HUNTER ARMY AIRFIELD, Ga. – Col. Russ Stewart with 3rd Military Police Group Criminal Investigation Division transfers authority to Col. Christine Whitmer with 701st Military Police Group Criminal Investigation Division, July 8.
While this day of transition would typically be a change of command, CID is currently undergoing a restructuring. Therefore, 701st MPG will be acting as an interim headquarters while the organization makes several internal changes. Most notably, 3rd MPG (CID) will be hiring a new civilian director and will have a higher ratio of civilian criminal investigators to increase investigative experience and stability.
According to Army Public Affairs, these changes are the result of the Fort Hood Independent Review Committee, which examined the command climate at Fort Hood after the disappearance and murder of Vanessa Guillén. The 136-page report of the FHIRC offered both findings and recommendations intended to benefit the Army and its commitment to safety, respect, inclusiveness, diversity and freedom from sexual harassment.
The Army received its first civilian CID director, Special Agent Gregory D. Ford, in September 2021 and has been making other incremental changes to the force's structure ever since. Ford previously stated the transformation “will require a shift in how CID views itself and how it is viewed by others. Historically, the organization was viewed as an Army command tasked with law enforcement duties. We must now clearly establish CID as an elite federal law enforcement agency that operates within and in support of the Department of the Army.”
During the 3rd MPG transfer of authority, Lt. Gen. Maria R. Gervais, deputy commanding general and chief of staff for U.S. Army Training and Doctrine Command, presided over the ceremony.
“You all are put into what I call the darkest and most disheartening situations,” Gervais said. “It is a job where your pursuit of justice, your pursuit of the truth, your pursuit of compassion has to be relentless. Because in this world, there is more good than evil and we must ensure that evil never perseveres over the good and that’s what you do and that’s what you represent to so many.”
701st MPG will be the last remaining military command structure within CID, which will take care of all the administrative and logistical support required by Soldiers who remain within the organization.
“I’m honored to be here today and to be a part of this ceremony to honor what the 3rd Group has done since 1965, and to honor those around us and those who aren’t here today,” said Whitmer.
Whitmer spoke about her commitment to the organization and the Soldiers and civilians within it. She also explained that there will be challenges ahead as things continue to change, but that she will lean on the experience and knowledge of her peers and those around her.
When asked if Soldiers will lose their jobs within CID as a result of these changes, Stewart stated that there was no plan to initiate a reduction in force. While Soldiers could see more competitive promotions, immediate changes will be from the addition of new personnel.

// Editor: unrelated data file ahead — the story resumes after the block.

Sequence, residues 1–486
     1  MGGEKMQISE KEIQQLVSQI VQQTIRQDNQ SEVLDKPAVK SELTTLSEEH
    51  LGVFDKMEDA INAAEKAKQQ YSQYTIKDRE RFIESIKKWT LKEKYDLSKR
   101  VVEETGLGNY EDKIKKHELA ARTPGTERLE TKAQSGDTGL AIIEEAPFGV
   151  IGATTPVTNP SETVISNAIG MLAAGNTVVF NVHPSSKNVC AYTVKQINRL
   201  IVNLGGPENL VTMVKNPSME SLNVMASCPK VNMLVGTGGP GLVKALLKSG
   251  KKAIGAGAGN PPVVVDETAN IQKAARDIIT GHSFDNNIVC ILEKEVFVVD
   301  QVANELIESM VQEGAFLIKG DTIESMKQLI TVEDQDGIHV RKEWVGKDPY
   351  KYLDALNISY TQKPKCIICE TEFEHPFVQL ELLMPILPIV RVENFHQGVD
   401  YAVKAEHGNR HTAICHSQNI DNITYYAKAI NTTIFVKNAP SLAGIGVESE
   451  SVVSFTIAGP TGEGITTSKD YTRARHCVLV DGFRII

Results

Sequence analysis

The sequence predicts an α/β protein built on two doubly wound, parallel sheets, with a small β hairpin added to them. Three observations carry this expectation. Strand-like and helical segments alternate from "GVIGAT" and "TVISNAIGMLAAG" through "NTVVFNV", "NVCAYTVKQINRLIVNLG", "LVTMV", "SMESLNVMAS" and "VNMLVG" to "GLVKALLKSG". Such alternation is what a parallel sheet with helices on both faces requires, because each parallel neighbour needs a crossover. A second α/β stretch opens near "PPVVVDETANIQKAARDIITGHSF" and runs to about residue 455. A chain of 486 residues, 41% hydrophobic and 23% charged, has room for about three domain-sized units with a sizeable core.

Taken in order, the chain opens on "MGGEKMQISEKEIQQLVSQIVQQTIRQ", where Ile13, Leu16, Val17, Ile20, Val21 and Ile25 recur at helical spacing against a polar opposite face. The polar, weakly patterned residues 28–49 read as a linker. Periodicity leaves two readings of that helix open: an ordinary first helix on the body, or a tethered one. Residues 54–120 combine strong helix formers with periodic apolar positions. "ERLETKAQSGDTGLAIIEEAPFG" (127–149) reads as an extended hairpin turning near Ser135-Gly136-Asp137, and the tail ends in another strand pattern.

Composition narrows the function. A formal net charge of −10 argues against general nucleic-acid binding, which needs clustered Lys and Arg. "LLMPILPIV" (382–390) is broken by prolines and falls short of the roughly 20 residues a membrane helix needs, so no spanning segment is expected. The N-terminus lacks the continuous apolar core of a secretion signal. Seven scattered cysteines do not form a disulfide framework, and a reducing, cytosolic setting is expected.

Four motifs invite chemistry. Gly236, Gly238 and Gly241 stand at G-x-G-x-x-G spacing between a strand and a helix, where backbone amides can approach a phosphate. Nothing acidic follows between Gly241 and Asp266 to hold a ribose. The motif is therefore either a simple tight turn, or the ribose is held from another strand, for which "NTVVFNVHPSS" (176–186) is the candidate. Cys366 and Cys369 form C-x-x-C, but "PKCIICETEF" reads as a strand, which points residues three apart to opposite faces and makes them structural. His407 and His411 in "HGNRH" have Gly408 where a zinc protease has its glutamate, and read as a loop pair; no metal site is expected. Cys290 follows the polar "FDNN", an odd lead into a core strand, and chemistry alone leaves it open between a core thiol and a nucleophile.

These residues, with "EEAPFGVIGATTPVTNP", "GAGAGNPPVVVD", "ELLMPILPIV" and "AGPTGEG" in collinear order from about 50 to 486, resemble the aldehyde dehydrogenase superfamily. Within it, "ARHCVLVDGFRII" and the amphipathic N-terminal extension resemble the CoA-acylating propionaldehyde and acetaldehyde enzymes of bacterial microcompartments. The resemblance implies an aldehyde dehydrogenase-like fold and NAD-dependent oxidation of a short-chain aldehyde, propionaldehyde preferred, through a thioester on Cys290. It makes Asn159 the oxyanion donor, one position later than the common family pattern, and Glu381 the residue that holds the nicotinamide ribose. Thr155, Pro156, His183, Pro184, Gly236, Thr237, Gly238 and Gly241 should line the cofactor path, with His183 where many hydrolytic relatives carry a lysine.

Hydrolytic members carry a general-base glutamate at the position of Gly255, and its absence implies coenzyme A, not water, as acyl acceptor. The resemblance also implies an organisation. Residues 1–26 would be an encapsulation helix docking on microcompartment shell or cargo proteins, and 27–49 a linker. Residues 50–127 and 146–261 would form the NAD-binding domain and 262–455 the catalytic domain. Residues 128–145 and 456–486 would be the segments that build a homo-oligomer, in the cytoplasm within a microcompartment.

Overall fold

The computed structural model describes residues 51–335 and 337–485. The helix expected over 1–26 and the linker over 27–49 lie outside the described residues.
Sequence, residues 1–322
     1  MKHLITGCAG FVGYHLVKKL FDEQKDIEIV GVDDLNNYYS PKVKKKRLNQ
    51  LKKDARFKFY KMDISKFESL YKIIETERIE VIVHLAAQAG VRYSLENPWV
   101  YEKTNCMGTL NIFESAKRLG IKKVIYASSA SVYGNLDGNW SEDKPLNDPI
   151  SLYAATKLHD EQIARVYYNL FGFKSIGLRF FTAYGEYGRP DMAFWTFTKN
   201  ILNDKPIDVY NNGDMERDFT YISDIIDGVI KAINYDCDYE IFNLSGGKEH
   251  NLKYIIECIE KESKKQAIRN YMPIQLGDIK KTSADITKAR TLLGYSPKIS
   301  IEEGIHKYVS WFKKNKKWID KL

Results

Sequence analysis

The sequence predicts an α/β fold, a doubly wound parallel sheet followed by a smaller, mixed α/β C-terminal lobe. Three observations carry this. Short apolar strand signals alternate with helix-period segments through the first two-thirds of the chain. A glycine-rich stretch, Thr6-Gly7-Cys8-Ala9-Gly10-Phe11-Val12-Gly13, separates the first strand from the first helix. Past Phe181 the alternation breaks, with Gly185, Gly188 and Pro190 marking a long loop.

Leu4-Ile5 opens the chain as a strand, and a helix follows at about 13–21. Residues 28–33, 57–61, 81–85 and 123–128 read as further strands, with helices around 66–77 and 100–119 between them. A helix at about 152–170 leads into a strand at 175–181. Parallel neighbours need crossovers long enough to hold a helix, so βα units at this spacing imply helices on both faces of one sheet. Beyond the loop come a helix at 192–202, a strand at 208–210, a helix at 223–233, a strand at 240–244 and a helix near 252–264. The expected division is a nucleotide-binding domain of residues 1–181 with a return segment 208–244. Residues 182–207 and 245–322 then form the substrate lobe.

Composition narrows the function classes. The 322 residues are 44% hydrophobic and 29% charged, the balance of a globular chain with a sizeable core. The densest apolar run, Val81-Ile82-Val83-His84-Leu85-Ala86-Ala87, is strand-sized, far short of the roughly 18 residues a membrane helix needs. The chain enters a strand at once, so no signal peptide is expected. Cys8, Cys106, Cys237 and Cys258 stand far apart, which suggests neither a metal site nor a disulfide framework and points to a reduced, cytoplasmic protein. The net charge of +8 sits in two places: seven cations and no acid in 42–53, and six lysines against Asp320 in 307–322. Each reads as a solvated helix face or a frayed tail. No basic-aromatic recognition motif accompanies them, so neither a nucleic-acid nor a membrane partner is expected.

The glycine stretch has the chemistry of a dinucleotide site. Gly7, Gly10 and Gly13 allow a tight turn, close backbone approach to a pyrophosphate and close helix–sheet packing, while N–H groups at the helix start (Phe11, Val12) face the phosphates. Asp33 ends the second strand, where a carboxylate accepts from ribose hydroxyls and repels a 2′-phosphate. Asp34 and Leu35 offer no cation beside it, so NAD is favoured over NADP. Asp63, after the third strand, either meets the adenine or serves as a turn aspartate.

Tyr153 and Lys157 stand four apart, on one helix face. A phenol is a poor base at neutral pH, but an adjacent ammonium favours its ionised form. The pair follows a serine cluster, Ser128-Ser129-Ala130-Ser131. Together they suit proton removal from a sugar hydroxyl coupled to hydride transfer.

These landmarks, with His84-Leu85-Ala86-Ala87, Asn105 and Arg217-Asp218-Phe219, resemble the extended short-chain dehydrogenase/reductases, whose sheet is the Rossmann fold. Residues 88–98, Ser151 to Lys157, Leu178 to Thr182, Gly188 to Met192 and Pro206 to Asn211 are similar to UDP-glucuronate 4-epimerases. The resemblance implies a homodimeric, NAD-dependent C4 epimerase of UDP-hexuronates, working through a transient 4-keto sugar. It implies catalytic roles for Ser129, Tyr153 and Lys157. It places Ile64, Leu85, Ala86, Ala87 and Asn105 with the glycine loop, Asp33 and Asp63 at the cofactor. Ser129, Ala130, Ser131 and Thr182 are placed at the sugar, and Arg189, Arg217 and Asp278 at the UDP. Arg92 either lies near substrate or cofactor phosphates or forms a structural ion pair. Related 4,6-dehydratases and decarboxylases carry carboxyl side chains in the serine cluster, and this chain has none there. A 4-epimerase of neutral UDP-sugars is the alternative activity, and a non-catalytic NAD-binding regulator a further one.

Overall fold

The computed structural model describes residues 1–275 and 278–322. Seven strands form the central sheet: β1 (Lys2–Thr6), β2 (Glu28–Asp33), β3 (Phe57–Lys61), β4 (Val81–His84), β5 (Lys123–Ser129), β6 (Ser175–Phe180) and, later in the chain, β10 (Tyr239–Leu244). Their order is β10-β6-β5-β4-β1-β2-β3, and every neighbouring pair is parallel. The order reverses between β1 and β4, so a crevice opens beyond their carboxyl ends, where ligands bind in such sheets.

As for those Soldiers and families living and working on Fort Stewart-Hunter Army Airfield, Stewart said “for the average person in the community, whether they’re a victim or subject, it will look relatively the same. Our agents, 99% of the time, wear civilian attire. So when they are dealing with the community, you won’t know if they are military or civilian. What the community can expect to see, is an increase in timeliness and thoroughness in investigations. Everyone wants justice yesterday, so this will help us work a little faster and be more thorough.”
Another expected benefit is improved relationships with local, state and federal agencies as a result of having an increase in civilian personnel, who are not required to move every few years. “Almost everything we work is by, with and through local, state and federal partners, so those relationships really matter and this will allow us to increase and maintain those longstanding relationships,” Stewart said.
Looking back on his nine years serving within CID at various levels, Stewart had very clear advice for the Soldiers and civilians remaining in the organization after he departs.
“As part of the profession, you have to continue to study and learn, because criminals will keep adapting to how they executive crime,” Stewart said. “You also have to work hard to build your relationships with the other law enforcement agencies because Soldiers commit crime everywhere. So we have to be able to work with anybody within the law enforcement realm globally.”
When questioned about whether or not the job will change along with the organizational structure, he said that crimes will continue to grow in complexity but the job will always be to seek truth and justice for the victims who can’t speak for themselves.
With much of the re-structuring still in a state fluctuation, 3rd MPG (CID) will remain until the Army makes a decision on force structure, which may trigger the deactivation of the group in the future.
To view the full Fort Hood Independent Review report and Army-wide force restructuring updates, visit army.mil/forthoodreview.